And since the story was pitched as a sitcom, it's pretty fitting that their most recent series will be written by someone known for their work in the medium. Adam F. Goldberg, the creator of "The Goldbergs" on ABC and the upcoming series "The Muppets Mayhem," is co-writing "Damage Control" with Hans Rodionoff and Charlotte Fullerton which features artwork from Will Robson and Jay Fosgitt. The five-issue miniseries, which will feature heroes such as Nightcrawler, Moon Knight, and She-Hulk, is scheduled to hit your local comic shop on August 24, 2022. However, there was a time when Damage Control was meant to debut on your local TV networks as well.

The Damage Control that could have been

Before Marvel Studios took over the House of Ideas' television division, Marvel Television under Jeph Loeb started to explore the possibility of a sitcom set in the MCU long before "She-Hulk: Attorney At Law." While they got pretty far with "New Warriors" at Freeform, which would have starred Milana Vayntrub as the unbeatable Squirrel Girl, they were also developing a series featuring the wacky adventures of Damage Control. Back in 2015, former "The Daily Show," "The Colbert Report," and "Modern Family" producer Ben Karlin was tapped to bring the overworked and underpaid clean up crew to life in a single-camera half-hour comedy for ABC. According to ABC President Paul Lee at the time, the show was meant to premiere the following year.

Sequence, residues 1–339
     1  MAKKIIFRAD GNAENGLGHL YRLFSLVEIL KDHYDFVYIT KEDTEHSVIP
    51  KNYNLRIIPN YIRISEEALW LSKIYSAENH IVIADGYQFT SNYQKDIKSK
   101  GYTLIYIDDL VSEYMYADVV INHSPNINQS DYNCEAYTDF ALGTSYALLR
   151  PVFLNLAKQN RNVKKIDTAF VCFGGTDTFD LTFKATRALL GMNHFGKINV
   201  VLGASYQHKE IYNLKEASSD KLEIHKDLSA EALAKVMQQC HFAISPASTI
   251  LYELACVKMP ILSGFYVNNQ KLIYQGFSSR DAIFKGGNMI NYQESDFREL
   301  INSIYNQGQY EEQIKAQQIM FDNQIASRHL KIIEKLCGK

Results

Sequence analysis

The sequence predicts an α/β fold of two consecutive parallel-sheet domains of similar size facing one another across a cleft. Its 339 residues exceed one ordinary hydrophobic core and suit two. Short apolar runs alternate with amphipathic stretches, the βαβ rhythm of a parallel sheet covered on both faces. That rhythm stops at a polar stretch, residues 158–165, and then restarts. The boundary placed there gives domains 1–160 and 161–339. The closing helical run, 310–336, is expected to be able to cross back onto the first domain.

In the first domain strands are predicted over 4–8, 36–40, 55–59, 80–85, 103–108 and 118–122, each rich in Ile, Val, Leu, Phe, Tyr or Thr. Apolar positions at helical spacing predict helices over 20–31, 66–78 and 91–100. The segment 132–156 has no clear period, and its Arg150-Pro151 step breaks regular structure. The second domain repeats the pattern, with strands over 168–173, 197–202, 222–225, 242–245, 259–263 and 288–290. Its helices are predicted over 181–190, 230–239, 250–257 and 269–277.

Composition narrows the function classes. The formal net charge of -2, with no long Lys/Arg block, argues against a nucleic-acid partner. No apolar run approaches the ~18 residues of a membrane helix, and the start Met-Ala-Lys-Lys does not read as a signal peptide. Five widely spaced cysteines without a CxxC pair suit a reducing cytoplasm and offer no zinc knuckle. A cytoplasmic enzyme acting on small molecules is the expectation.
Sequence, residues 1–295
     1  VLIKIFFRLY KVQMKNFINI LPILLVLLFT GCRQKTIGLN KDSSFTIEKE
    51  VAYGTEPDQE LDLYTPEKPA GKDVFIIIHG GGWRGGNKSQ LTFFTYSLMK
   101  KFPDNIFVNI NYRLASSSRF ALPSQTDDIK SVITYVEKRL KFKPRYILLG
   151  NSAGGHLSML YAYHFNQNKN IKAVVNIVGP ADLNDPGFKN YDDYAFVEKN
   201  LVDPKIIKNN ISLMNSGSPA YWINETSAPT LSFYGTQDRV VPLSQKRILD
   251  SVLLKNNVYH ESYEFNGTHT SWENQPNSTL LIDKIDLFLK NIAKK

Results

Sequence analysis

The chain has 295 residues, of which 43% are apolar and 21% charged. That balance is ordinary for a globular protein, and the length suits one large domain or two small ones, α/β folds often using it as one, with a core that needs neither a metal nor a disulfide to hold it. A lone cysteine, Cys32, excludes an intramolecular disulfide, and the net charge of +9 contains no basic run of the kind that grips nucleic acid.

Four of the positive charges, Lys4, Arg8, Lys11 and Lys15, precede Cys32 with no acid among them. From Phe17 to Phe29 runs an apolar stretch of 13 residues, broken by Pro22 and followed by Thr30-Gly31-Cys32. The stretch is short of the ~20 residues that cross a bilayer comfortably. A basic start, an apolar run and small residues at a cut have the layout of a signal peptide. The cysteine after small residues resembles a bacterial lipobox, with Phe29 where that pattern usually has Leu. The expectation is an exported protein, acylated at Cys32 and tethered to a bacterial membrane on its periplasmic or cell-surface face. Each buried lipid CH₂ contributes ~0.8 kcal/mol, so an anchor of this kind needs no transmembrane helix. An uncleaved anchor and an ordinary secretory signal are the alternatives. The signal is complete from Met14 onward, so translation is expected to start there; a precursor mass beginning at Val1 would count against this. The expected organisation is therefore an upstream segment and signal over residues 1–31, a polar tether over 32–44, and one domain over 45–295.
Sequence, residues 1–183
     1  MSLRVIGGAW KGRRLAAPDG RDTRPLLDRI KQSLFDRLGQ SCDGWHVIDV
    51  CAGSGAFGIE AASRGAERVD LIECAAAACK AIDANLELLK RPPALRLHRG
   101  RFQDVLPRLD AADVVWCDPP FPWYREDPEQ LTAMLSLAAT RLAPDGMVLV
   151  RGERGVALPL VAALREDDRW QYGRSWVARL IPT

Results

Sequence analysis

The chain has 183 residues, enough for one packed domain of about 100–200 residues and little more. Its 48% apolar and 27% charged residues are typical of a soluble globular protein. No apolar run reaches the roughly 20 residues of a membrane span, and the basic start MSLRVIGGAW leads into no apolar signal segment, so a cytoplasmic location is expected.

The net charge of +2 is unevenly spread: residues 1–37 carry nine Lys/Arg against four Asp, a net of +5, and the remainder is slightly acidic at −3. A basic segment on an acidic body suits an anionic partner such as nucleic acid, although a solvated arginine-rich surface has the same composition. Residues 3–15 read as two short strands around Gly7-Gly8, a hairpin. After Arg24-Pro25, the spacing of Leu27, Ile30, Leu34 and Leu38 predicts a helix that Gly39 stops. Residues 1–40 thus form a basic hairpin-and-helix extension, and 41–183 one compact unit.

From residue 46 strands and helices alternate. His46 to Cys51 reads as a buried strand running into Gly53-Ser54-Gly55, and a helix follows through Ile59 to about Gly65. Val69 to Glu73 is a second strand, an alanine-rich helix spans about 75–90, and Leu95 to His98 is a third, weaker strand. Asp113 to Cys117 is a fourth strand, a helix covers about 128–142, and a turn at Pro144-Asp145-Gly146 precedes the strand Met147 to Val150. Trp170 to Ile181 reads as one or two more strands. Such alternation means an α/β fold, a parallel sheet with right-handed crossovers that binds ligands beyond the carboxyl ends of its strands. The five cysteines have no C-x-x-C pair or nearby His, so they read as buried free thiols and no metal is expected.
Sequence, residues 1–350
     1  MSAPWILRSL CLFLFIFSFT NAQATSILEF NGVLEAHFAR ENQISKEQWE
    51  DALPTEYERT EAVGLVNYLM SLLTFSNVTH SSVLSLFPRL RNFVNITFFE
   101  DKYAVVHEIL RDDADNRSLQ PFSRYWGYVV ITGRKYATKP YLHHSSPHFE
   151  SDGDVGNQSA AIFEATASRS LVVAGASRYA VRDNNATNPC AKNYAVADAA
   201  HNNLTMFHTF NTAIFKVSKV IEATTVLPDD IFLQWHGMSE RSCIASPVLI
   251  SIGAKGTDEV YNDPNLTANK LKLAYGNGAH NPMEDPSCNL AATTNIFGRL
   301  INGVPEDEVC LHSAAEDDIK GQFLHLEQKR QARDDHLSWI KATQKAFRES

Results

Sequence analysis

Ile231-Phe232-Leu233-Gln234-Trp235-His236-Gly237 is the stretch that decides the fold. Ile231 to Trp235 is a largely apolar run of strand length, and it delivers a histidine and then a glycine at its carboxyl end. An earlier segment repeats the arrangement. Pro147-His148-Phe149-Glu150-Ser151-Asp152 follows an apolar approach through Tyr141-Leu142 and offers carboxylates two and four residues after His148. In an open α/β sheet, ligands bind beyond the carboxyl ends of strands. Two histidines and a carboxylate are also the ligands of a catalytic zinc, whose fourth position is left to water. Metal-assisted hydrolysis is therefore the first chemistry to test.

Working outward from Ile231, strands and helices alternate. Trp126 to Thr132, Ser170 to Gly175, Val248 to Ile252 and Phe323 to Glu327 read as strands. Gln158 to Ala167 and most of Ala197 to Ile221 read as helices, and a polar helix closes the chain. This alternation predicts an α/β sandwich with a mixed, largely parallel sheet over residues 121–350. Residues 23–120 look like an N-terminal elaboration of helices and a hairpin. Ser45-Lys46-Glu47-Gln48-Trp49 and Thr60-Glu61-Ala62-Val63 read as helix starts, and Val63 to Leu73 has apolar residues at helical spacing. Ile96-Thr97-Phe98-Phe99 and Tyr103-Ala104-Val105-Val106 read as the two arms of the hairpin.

Meanwhile, DC and Warner Bros released "Powerless" from "A to Z" creator Ben Queen on NBC. It was similar to "Damage Control" in that it also featured non-super-powered individuals living and working in a super-powered world. However, the show starring Vanessa Hudgens, Danny Pudi, Ron Funches, and Alan Tudyk was axed with three episodes going unaired. Marvel likely (and wrongly) took that as a sign that the audience wasn't interested in superhero shows like this, so theirs never materialized. While it was never officially cancelled like the S.H.I.E.L.D. spinoff following Adrianne Palicki and Nick Blood's characters from the flagship show called "Most Wanted," "Damage Control" got lost in the shuffle when Marvel Television got folded into Marvel Studios and it was never heard from again. But the agency would eventually surface in the MCU in a different way.

The actual MCU history of Damage Control